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The Closing of the Inaugural Re: Chicago at DePaul Art Museum

By Arts & Culture, Uncategorized

Kerry James Marshall (American, born 1955), “Untitled (Painter),” 2010. Acrylic on PVC panel; 47 1/2 x 43 in. Collection of Lewis Manilow, Chicago Image courtesy of Jack Shainman Gallery, New York.

The inaugural exhibition at the DePaul Art MuseumRe: Chicago,” which closed on March 4, was yet another reminder of the cultural ambiguities facing Chicago as a “second tier city.” The pristine whiteness of the museum walls displayed the work of forty Chicago-based artists from the past hundred-fifty years although the ambitiousness of the scope is tamed through medium and scale — “Re:Chicago” was anything but radical. With few exceptions, it was a show of paintings by Chicago-based artists internationally well-known, locally prominent — and then some of both and neither.

For the selection, the curator asked “leading figures in the Chicago art world” to recommend an artist who “is famous, who used to be, or who ought to be” famous. These “leading figures in the Chicago art world” were also the writers of the Yelp-like labels that accompany the works. Needless to say, this curatorial approach to the art and its exhibition prosthetics is problematic, if not outright objectionable.

Apparently curated for a general audience, the individual pieces were strong, but never challenging. There is a signature work “Untitled (Painter),” 2010, by Kerry James Marshall of a painter posing for an unfinished, pink portrait of himself. Equally representative was a series of black-and-white photographs by the beloved Harry Callahan, one of which captures his longtime wife and muse, Eleanor, in water. Karl Wirsum, an SAIC faculty member and member of Chicago’s The Hairy Who art-group, was represented by a 1970’s pop-infused, bright acrylic-on-wood sculpture of a man playing tennis. In a small corner room of the museum was Robert Davis and Michael Langlois installation “Living The Dream (2011).” With red walls, homage prints to László Moholy-Nagy, and a wooden black construction of a broken-up frame in the center, the installation seemed more like necessary filler for some site-specific work requirement, and also arguably the weakest work in the show.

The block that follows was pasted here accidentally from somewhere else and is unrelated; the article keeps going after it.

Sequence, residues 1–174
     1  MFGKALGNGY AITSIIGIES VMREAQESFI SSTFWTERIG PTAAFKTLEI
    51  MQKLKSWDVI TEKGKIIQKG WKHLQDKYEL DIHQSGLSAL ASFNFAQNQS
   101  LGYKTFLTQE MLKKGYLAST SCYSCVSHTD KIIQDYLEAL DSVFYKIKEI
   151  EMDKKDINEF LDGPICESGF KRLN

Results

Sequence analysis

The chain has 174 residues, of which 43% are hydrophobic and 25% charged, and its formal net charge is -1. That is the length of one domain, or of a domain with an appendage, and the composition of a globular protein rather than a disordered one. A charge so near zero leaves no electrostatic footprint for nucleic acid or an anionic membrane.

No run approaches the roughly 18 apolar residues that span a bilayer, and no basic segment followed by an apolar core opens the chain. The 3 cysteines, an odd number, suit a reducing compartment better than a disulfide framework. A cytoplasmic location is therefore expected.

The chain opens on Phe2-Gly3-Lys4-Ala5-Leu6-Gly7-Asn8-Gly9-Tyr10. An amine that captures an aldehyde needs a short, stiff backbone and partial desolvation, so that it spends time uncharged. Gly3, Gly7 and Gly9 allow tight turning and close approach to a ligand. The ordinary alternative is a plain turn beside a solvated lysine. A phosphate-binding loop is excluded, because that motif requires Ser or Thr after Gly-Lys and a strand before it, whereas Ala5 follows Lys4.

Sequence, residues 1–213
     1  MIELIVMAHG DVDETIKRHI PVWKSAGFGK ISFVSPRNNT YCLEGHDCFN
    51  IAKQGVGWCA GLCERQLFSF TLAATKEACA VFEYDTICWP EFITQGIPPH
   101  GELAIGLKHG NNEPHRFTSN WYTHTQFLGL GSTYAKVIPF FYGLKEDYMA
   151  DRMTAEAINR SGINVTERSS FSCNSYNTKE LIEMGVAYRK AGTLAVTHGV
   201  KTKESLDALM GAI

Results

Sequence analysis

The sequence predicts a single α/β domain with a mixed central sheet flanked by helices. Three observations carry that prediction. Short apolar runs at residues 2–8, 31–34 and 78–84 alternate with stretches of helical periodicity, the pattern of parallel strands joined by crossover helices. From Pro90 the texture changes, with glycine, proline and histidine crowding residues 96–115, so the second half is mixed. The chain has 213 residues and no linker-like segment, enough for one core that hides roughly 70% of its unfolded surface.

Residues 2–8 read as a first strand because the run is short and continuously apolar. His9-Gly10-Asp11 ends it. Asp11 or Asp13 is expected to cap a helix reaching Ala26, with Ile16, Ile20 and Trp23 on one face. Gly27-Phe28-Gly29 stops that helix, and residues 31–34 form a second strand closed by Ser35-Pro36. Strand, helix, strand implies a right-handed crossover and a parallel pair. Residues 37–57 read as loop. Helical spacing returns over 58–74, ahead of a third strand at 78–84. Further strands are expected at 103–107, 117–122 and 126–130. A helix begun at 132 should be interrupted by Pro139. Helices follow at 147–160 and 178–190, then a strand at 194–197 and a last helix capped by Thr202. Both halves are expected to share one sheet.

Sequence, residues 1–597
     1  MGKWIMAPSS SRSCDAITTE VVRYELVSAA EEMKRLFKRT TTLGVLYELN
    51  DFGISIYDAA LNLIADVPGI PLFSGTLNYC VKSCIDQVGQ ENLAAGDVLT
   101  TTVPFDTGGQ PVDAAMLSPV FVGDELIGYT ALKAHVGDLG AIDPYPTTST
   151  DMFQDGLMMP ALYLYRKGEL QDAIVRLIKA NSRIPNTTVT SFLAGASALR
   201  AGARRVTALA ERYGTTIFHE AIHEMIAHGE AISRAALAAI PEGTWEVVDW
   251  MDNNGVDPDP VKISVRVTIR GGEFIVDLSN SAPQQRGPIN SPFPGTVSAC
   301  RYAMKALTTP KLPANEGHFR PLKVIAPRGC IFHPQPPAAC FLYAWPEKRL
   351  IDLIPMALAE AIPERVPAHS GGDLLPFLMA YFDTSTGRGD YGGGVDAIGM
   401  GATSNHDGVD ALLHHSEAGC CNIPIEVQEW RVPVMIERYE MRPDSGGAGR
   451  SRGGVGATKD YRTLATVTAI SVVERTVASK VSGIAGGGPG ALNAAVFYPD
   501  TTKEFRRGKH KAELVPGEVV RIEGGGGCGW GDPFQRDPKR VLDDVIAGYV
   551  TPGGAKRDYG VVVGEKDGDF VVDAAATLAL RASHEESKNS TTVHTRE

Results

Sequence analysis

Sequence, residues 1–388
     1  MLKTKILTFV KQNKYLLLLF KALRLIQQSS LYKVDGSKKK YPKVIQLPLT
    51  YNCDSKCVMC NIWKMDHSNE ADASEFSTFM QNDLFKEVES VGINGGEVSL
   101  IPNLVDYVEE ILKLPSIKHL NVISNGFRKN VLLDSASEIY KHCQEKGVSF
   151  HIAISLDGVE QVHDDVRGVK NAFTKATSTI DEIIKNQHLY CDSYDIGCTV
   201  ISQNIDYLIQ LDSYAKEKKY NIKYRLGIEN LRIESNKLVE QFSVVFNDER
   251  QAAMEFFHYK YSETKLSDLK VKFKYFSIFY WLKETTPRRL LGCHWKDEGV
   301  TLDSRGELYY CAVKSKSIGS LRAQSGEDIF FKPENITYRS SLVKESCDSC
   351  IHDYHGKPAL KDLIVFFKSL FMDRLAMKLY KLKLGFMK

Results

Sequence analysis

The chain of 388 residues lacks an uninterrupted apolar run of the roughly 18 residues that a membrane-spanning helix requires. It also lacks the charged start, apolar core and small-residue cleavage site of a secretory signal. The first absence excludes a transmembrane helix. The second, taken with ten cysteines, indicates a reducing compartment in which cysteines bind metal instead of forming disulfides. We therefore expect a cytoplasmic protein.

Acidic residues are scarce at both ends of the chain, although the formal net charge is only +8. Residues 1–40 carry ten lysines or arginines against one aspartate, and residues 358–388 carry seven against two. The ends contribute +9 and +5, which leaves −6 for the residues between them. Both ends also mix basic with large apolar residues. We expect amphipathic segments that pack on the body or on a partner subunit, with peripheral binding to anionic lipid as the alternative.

Karl Wirsum (American, born 1939), “Service Station,” 1979. Acrylic on wood, 36 x 20 x 34 in. Collection of the DePaul Art Museum, Art Acquisition Endowment, 2010.20.

Outside of the actual work represented, the exhibitions begs a conversation about the role of Chicago as an art center. There could never be a “Re:New York” show of such time-scale, and for completely opposite reasons, there could never be a “Re:Boston” ( well, there could, but who would go to it?). Thus “Re:Chicago” re-affirms the peripherality of Chicago, reinforcing this unfavorable position of the city within the national art community. Without question, the works on display are important, but somehow framing it as “Chicago” seems undignified and passé in the way that an exhibition of “Contemporary art from China” is tainted with that neo-colonialist otherness. These Chicago artists’ work would be better represented as part of a permanent collection of a major institution — giving it more dignity and de-problematizing its marginality.

DePaul Art Museum
935 W Fullerton
Chicago IL 60614
museums.depaul.edu/

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